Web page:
Willie Simms became the only African American jockey to win the Preakness Stakes when he rode Sly Fox to victory. With this win, Simms became the only African American jockey to have won all three Triple Crown races. His other Triple Crown wins took place in the Kentucky Derby (1896, 1898) and Belmont Stakes (1893, 1894).
The first Triple Crown was won by Sir Barton after he completed the Belmont Stakes, then run at 1 3/8 miles rather than the traditional 1 1/2 miles. Prior to his Triple Crown sweep, Sir Barton had been winless in six tries at racing.
Grey Lag, under Earl Sande, won the first Belmont Stakes ever to be run counter-clockwise. Previous Belmonts had been run clockwise over a fish-hook course that included part of the training track and the main dirt oval.
Jockey Eddie Arcaro tied James McLaughlin's record of six Belmont Stakes wins when he rode Nashua to victory.
Jockey Angel Cordero Jr. recorded his first American stakes victory, taking the Christiana Stakes aboard two-year-old Hermogenes at Delaware Park.
Triple Crown winner Secretariat simultaneously made the covers of Time, Newsweek and Sports Illustrated.
Upon winning the Belmont Stakes, Seattle Slew became the tenth Triple Crown winner and the first Triple Crown winner to remain undefeated, with a career record of nine-for-nine.
Man o' War won the Belmont Stakes, which was then run at a distance of 1 3/8-miles, in 2:14 1/5. He shattered the existing world record by 3 1/5 seconds and also set the American dirt-course record for that distance.
The August Belmont family first presented their permanent commemorative Tiffany trophy to the winner of the Belmont Stakes. The silver trophy was created in 1869 in recognition of Fenian's win in the Belmont.
After riding Citation to victory in the Belmont, jockey Eddie Arcaro became the only rider in history to have won two Triple Crowns. His previous Triple Crown was with Whirlaway, in 1941. In wining the Belmont, Citation became the eighth Triple Crown winner.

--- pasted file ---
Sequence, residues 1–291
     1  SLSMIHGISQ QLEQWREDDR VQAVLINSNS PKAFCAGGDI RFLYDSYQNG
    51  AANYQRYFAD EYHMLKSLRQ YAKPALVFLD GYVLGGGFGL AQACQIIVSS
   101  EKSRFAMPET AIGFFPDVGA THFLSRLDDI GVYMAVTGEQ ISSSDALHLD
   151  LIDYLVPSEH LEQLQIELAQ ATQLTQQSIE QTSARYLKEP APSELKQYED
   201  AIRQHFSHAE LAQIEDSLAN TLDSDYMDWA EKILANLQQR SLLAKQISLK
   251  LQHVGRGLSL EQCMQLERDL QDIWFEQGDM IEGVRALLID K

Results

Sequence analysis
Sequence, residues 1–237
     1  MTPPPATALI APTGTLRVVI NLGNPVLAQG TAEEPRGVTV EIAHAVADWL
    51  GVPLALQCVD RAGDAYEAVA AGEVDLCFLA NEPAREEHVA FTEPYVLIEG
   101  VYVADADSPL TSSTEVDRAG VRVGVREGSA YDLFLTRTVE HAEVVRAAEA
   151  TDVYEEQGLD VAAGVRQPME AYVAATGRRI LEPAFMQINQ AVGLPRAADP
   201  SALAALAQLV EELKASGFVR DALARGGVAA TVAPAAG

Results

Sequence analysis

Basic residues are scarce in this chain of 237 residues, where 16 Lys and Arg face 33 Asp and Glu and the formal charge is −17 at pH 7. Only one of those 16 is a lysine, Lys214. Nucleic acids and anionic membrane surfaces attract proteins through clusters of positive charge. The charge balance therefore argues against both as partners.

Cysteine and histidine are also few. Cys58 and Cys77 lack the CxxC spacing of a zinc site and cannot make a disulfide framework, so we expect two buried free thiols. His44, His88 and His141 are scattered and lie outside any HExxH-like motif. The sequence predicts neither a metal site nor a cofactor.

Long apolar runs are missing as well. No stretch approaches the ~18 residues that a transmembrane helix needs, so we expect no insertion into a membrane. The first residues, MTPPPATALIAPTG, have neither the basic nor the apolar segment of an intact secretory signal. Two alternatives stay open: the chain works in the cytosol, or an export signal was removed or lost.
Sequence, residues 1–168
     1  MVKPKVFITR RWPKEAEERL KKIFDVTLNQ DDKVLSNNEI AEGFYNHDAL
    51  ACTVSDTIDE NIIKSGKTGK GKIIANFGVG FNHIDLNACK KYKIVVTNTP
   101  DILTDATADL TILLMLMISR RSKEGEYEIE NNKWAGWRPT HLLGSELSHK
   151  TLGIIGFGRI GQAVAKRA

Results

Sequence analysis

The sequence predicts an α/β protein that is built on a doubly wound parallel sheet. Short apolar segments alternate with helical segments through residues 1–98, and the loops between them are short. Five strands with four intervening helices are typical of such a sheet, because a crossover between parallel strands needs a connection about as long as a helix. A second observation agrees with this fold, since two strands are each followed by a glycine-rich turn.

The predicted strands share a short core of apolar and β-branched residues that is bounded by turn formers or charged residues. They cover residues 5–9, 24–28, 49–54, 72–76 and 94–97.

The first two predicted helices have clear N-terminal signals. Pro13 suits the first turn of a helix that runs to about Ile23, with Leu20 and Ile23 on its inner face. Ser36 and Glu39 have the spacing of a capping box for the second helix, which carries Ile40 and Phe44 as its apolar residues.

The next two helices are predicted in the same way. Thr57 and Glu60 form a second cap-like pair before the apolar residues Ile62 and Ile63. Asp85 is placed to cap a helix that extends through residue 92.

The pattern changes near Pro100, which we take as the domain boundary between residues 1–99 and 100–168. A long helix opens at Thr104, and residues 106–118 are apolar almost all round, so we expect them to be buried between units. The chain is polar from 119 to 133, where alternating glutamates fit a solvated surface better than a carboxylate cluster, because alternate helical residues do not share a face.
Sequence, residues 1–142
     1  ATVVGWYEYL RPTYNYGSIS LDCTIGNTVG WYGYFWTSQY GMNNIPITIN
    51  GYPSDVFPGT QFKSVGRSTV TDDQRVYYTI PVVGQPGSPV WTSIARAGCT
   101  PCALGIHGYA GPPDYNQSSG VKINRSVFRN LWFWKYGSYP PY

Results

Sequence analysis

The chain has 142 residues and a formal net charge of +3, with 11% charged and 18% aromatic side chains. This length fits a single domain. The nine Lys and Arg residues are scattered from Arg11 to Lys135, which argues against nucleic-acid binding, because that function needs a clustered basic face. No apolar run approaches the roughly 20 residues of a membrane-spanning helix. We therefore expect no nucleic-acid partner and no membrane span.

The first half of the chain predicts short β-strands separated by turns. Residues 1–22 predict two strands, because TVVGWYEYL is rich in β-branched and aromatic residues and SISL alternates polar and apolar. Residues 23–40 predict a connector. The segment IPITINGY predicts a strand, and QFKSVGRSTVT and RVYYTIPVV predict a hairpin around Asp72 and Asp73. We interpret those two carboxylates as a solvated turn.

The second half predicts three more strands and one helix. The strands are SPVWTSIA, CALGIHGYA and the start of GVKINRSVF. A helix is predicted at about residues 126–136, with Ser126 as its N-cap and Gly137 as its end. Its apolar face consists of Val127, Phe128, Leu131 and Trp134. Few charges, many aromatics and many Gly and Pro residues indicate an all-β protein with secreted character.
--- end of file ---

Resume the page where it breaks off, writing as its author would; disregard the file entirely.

Jockey Angel Cordero Jr. rode his first race at El Comandante in Puerto Rico.
Jockey Mike Smith rode his first winner, Future Man, in a $2,000 claiming race at Santa Fe.
English-bred Saxon became the first foreign bred horse to win the Belmont Stakes.
James Rowe, who had won back-to-back Belmonts in 1872-3 as a jockey, set the record for most number of Belmont Stakes wins by a trainer, eight, when he sent Prince Eugene to victory.
Ben A. Jones, who trained a record six Kentucky Derby winners, died.
Angel Cordero Jr. won his first race in two tries as a trainer, with Puchinito, in the fourth race at Belmont Park.
Silver Charm, winner of the 1997 Kentucky Derby and Preakness Stakes and the 1998 Dubai World Cup, retired after finishing fourth in the Stephen Foster Handicap at Churchill Downs. Silver Charm retired with earnings of $6,944,369 (third-highest of all time) and won 12 of 24 starts.
Zenyatta scored her 17th win in a row in the Grade I Vanity Handicap at Hollywood Park. The victory moved Zenyatta past Citation, Cigar and Mister Frisky among horses with win streaks in open company races.